Botanical Name: Streptocarpus x hibridus
Cape Primrose is a showy relative of the African violet. You can expect months of blooms if you keep the soil lightly moist and give it bright, indirect light year-round.
Hundreds of hybrids have been developed to offer some exciting new varieties with bigger flowers, longer blooming time, and more compact foliage. There are even some trailing and dwarf varieties.
Long, deeply veined leaves grow in a rosette. Those leaves tear easily, so handle this plant carefully. If you happen to tear a leaf, don't be afraid to cut off the damaged part -- streptocarpus is very forgiving. Older leaves will shrivel and turn brown, this is normal. Cut off any old, withered leaves right away.
Above the foliage, tall flower stems carry clusters of trumpet-shaped blooms in shades of purple, violet-blue, pink, red, lavender, white and bicolors. Violet-blue 'Constant Nymph' was the first popular hybrid introduced decades ago. Since then, hundreds of named hybrids have become available. 'John Innes' is also popular for growing indoors, and may be pink, pale violet or purple. Charming 'Falling Stars' is a semi-trailing variety covered with small, violet flowers.
The flowers are velvety, often with contrasting veins or throat color. Flower size also depends on the variety, they may be 1-3 in (2.5-7.5 cm) across.
Shed some light. Cape Primrose is sensitive to day length and won't bloom if it doesn't get enough light. Find a place near a bright window for your plant, where it will get several hours of curtain-filtered sunlight. This plant really thrives under fluorescent lights, too. Use 1 warm white tube and 1 cool white tube under a reflector. Place flowers about 8 inches (20 cm) beneath the light for 15 hours a day.
Pinch off spent blooms. Flowers are sometimes followed by long, twisted seed pods. Remove dead flowers as soon as you notice them to encourage more blooms instead of using its energy to develop seeds. Cut flower stems back after the last bloom has faded.
Repot every 6 months. You'll have a much healthier plant by repotting in spring and again in fall because the fast-growing tuberous roots quickly fill the pot. Streptocarpus is also sensitive to the build-up of salts from fertilizer and likes its "feet" in fresh, loose soil.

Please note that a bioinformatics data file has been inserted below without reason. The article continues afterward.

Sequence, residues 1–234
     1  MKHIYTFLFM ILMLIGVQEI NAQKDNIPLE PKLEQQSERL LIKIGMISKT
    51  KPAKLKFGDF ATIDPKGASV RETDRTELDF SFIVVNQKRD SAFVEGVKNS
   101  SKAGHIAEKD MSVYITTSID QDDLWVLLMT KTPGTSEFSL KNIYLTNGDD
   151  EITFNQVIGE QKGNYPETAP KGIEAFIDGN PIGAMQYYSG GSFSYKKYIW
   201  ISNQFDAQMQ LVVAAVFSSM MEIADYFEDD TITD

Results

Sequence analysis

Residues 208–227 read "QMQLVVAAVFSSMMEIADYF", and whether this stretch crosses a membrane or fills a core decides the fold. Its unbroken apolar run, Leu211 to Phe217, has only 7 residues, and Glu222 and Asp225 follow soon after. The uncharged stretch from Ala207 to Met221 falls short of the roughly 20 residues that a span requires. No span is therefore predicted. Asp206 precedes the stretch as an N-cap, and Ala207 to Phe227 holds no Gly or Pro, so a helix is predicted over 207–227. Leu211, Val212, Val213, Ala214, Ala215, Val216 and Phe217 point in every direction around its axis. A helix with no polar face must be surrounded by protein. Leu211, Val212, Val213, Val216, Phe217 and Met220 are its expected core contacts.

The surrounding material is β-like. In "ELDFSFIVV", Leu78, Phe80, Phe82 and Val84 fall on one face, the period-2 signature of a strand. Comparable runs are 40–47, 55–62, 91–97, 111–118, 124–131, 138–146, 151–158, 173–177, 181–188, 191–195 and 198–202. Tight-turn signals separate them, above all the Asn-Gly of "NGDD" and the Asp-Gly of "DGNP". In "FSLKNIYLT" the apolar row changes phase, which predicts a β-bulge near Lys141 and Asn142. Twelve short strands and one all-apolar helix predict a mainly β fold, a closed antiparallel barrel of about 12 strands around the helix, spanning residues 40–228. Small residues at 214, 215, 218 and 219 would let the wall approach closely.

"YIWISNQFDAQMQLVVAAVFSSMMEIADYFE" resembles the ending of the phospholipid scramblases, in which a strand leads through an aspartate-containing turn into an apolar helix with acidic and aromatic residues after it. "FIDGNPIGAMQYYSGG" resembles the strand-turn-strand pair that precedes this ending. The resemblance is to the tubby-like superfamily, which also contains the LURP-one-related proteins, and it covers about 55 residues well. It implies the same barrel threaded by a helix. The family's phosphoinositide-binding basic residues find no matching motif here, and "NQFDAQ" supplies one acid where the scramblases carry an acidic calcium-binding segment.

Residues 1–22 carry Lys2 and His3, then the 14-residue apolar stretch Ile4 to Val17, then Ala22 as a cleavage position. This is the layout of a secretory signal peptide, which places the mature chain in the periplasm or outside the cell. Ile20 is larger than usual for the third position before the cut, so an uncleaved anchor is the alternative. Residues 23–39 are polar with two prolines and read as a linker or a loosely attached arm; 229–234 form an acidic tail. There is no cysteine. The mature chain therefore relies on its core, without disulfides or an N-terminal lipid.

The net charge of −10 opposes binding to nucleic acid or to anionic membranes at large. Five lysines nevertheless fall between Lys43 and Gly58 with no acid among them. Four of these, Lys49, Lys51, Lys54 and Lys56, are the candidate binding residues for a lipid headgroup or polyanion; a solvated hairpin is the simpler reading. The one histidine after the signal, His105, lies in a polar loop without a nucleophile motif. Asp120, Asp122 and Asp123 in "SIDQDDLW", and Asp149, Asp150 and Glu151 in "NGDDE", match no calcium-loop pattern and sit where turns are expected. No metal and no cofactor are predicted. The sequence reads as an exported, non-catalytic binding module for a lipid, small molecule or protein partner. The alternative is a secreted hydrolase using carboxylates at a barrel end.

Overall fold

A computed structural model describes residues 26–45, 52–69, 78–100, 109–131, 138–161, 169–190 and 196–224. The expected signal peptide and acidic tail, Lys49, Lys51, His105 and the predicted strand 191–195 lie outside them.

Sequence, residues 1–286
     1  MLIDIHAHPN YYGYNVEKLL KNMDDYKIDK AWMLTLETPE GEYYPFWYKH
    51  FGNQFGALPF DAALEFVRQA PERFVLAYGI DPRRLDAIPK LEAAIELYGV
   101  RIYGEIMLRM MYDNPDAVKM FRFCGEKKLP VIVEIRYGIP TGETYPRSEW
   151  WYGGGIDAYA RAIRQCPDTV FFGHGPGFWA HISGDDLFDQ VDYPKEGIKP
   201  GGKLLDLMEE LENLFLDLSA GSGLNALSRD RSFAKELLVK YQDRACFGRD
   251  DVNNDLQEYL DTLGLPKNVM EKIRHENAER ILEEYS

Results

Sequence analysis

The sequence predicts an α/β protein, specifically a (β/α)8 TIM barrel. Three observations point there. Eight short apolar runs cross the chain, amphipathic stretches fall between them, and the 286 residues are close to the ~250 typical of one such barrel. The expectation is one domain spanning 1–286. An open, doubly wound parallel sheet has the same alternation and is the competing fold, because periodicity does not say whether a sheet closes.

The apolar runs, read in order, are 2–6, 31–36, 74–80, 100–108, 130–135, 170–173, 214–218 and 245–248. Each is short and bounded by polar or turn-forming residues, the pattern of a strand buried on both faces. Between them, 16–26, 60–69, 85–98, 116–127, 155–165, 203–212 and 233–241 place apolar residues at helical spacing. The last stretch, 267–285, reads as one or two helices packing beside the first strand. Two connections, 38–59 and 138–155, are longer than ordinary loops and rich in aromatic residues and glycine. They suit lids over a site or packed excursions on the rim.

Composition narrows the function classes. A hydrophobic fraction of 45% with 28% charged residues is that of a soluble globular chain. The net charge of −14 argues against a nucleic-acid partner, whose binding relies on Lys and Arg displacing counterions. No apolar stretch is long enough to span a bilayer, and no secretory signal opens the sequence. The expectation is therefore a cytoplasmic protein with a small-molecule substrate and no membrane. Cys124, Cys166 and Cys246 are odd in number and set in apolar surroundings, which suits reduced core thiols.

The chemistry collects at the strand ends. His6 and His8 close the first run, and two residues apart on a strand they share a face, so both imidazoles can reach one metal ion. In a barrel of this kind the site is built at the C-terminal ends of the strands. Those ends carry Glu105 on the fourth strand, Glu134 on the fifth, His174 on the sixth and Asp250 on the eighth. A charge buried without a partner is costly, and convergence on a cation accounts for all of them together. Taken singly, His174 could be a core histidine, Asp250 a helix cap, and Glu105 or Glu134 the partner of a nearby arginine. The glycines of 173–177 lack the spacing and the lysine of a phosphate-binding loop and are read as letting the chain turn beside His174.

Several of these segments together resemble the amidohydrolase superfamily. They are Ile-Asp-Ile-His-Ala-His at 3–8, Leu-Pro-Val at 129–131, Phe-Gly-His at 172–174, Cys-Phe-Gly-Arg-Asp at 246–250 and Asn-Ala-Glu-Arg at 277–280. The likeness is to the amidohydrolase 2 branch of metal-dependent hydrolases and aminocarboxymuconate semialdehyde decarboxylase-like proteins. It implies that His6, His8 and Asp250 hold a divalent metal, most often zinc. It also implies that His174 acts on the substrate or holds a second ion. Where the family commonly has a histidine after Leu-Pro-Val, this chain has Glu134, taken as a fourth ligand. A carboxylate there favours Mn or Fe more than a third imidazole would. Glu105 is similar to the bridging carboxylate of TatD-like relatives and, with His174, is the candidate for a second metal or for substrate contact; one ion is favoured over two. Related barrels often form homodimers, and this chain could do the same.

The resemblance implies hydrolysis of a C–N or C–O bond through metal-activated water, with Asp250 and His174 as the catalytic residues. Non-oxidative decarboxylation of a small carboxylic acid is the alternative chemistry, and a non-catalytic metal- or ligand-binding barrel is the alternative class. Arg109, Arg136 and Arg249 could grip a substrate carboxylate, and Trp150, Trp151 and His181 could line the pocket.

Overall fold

How to Repot: Remove the plant from its pot. Gently tease as much old potting mix from the plant as possible. You'll probably pull off a few of the soft, fleshy roots while doing this. Don't worry -- streptocarpus is a vigorous grower and will soon fill its pot with new roots. Are the roots packed tightly? Tease them apart with your fingers to open them up and help the roots grow into the new mix.
Treat your Cape Primrose well and you'll enjoy this blooming plant for many years. They're easy to propagate, too. Believe me, once you grow these beauties, you can't have just one.
Origin: South Africa
Height: Up to 1 ft (30 cm)
Light: Bright light or fluorescent light. Keep out of direct sun which can scorch leaves.
Water: Water thoroughly to wet all the roots, then allow the soil to dry out a bit before watering again. Soggy soil may cause root rot -- you'll notice the symptoms as leaves that look limp or turn brown around the edges. Cut back on watering in winter when growth is slowed, but do not allow soil to dry out completely.
Humidity: Moderate humidity. Mist foliage with room-temperature water or place pot on a tray of wet pebbles. Keep plant away from drafts.
Temperature: Cool to average room temperatures 60-70°F/16-21°C. Too-hot temperatures can cause the plant to wilt.
Soil: African violet potting mix.
Fertilizer: Feed every 2 weeks in spring and summer with high-potassium liquid fertilizer diluted by half. Take care to fertilize when the soil is already moist to avoid fertilizer burn.
Propagation: Cape primroses are among the easiest of flowering plants to propagate. Here are 3 ways to do it: